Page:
• The OECD-DAC Handbook on Security System Reform. The Handbook covers ways in which to link individual sector reforms into a broader system, including guidance non sequencing and entry points for sector-wide working (see OECD-DAC 2007b)

Guidance to assist with developing ‘whole of government’ approaches:

  • DFID Briefing on Working Effectively in Conflict-affected and Fragile Situations – Briefing Paper C: Links between Politics, Security and Development (see DFID, 2010b)
  • OECD-DAC Guidelines on Whole of Government Approaches to Fragile States (see OECD-DAC, 2006)
  • AusAID. (2012). Building on Local Strengths: Evaluation of Australian Law and Justice Assistance. Canberra: Australian Agency for International Development.
    See document online
  • Born, H. (2009). Security Sector Reform in Challenging Environments: Insights from Comparative Analysis. In H. Born & A. Schnabel (Eds.), Security Sector Reform in Challenging Environments. Geneva: DCAF.
    See document online
  • DFID. (2010b). Working Effectively in Conflict-affected and Fragile Situations – Briefing Paper C: Links between Politics, Security and Development. DFID Briefing. London: DFID.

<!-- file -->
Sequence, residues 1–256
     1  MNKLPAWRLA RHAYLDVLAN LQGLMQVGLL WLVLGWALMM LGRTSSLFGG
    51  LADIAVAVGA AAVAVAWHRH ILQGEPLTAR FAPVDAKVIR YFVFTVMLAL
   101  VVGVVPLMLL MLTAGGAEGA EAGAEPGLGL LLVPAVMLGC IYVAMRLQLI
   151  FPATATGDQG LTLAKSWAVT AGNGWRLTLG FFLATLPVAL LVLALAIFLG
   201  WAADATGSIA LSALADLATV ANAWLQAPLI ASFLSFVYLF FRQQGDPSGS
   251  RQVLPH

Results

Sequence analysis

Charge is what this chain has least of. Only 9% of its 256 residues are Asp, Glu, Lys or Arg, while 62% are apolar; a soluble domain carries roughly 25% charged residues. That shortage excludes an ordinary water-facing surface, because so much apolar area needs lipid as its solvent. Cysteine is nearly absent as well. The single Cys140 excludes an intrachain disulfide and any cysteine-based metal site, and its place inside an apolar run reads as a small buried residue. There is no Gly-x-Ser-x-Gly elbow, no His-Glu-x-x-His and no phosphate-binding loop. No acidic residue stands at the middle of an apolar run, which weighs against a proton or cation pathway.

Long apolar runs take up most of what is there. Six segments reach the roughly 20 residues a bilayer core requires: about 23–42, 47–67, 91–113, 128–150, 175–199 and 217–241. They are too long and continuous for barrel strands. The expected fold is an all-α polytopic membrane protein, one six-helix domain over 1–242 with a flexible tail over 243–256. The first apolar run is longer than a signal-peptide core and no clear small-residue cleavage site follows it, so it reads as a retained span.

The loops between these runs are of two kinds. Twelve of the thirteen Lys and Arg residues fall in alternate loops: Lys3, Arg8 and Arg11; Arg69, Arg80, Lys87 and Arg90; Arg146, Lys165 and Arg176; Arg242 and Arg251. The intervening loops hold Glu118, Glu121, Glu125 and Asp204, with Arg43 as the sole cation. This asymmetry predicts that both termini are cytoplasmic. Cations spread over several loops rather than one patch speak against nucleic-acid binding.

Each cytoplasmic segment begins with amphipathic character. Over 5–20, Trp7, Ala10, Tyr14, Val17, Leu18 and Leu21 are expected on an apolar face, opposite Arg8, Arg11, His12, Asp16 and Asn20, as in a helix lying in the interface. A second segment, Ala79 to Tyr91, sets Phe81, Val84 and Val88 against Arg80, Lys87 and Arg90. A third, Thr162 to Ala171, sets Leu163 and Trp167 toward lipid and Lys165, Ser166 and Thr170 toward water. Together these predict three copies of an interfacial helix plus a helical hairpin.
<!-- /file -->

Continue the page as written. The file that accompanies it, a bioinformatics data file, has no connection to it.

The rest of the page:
See document online
  • OECD-DAC. (2006). Whole of Government Approaches to Fragile States. Paris: OECD.
    See document online
  • OECD-DAC. (2007b). Handbook on Security System Reform: Supporting Security and Justice. Paris: OECD.
    See document online
  • Schnabel, A. (2009). Ideal Requirements versus Real Environments in Security Sector Reform. In H. Born & A. Schnabel (Eds.), Security Sector Reform in Challenging Environments. Geneva: DCAF.
    See document online
  • Stone, C., Miller, J., Thornton, M., & Trone, J. (2005). Supporting Security, Justice and Development: Lessons for a New Era. New York: Vera Institute of Justice.
    See document online
  • SU. (2014). Policing the context: Principles and guidance to inform international policing assistance. London: Stabilisation unit. See document online.